Researchers at the University of Missouri (MU), in a study published in Aerospace Medicine and Human Performance, demonstrate the role of mechanical loading, or gravity, in the development of cartilage.

The absence of mechanical loading, they note, may inhibit cartilage formation and the healing of fractures.

The study was led by Elizabeth Loboa, dean of the MU College of Engineering and a professor of bioengineering. She and her team used human adipose, or fat cells (hASC) obtained from women. Using these cells, they tested chondrogenic differentiation in bioreactors that simulated either microgravity or hydrostatic pressure, which is the pressure that is exerted by a fluid.

They found that cyclic hydrostatic pressure, which has been shown to be beneficial for cartilage formation, caused a threefold increase in cartilage production and resulted in stronger tissues. Microgravity, in turn, decreased chondrogenic differentiation, explains a media release from University of Missouri-Columbia.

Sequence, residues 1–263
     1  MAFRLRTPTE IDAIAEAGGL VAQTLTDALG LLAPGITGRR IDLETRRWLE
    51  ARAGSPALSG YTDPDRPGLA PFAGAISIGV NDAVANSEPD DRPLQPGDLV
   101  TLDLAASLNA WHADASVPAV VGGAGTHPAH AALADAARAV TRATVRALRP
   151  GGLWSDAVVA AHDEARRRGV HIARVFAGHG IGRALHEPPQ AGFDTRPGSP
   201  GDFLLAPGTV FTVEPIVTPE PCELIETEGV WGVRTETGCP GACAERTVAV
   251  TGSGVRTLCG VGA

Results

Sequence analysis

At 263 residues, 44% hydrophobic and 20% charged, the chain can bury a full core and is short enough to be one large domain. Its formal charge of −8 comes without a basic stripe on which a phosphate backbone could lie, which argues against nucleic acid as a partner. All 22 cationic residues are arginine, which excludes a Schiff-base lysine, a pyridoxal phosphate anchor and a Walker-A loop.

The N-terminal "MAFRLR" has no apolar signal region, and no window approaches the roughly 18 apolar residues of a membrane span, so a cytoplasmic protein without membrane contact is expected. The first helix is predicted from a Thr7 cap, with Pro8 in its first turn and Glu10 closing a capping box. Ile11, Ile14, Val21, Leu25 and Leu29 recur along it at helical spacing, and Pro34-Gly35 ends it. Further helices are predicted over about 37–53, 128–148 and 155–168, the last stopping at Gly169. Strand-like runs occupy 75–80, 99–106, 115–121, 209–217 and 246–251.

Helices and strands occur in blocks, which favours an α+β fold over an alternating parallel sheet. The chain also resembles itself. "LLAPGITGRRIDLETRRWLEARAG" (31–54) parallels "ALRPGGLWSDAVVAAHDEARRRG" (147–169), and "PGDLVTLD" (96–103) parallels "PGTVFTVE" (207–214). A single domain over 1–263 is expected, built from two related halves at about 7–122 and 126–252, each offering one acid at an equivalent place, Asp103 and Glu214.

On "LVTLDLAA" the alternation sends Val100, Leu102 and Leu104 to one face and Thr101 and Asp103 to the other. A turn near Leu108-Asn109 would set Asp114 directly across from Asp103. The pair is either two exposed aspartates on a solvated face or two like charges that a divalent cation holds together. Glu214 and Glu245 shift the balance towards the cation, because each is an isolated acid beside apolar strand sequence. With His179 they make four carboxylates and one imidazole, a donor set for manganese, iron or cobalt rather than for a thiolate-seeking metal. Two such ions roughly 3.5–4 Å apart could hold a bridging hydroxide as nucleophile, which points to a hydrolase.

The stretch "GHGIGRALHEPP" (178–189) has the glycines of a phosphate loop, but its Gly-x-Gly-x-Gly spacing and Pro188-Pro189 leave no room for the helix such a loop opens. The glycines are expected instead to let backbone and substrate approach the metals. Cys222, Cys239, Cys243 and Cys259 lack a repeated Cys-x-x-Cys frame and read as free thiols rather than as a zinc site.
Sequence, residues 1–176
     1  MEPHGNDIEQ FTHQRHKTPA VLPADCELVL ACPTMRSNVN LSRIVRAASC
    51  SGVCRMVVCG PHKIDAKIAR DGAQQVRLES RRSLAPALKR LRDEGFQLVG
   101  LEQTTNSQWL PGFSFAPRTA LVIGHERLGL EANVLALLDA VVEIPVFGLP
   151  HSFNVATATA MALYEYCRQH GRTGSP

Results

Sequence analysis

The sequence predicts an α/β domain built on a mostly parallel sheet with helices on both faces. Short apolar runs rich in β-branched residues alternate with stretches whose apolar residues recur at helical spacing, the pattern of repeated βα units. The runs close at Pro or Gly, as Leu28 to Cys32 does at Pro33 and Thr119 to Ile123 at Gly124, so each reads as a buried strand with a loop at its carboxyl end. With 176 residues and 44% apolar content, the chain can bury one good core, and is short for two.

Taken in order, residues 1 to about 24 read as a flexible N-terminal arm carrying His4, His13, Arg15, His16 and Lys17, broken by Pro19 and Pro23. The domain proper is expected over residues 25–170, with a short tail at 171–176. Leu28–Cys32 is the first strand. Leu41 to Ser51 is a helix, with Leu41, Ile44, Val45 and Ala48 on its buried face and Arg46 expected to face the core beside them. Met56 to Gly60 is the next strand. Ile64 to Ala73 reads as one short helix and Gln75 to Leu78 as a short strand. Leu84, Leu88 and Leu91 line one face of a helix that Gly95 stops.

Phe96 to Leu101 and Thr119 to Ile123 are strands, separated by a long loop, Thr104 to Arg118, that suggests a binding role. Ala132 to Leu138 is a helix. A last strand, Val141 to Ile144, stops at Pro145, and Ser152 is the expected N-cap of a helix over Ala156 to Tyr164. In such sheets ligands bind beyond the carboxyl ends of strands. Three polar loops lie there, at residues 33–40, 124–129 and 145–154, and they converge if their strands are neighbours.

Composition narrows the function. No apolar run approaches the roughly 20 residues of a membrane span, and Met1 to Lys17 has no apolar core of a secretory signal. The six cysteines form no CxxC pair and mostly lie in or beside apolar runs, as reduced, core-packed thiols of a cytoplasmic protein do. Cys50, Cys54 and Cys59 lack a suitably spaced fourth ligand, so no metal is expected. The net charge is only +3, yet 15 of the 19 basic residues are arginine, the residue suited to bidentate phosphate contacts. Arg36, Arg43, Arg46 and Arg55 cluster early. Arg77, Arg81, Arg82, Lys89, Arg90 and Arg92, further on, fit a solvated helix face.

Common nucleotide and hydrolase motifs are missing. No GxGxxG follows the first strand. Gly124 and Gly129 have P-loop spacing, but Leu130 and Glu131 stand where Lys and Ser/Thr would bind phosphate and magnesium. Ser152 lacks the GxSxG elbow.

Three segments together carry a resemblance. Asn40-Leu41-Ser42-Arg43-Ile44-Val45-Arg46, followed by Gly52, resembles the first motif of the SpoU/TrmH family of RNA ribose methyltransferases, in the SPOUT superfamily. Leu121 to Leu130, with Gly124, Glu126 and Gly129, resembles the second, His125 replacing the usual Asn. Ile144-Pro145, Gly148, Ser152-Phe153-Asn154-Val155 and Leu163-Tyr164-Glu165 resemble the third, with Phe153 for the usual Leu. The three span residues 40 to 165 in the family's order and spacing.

“Our study provides insight showing that mechanical loading plays a critical role during cartilage development,” Loboa says, in the release.

“The study also shows that microgravity, which is experienced in space and is similar to patients on prolonged bed rest or those who are paralyzed, may inhibit cartilage and bone formation. Bioengineers and flight surgeons involved with astronauts’ health should consider this as they make decisions for regenerating cartilage in patients and during space travel,” she adds.

[Source(s): University of Missouri-Columbia, EurekAlert]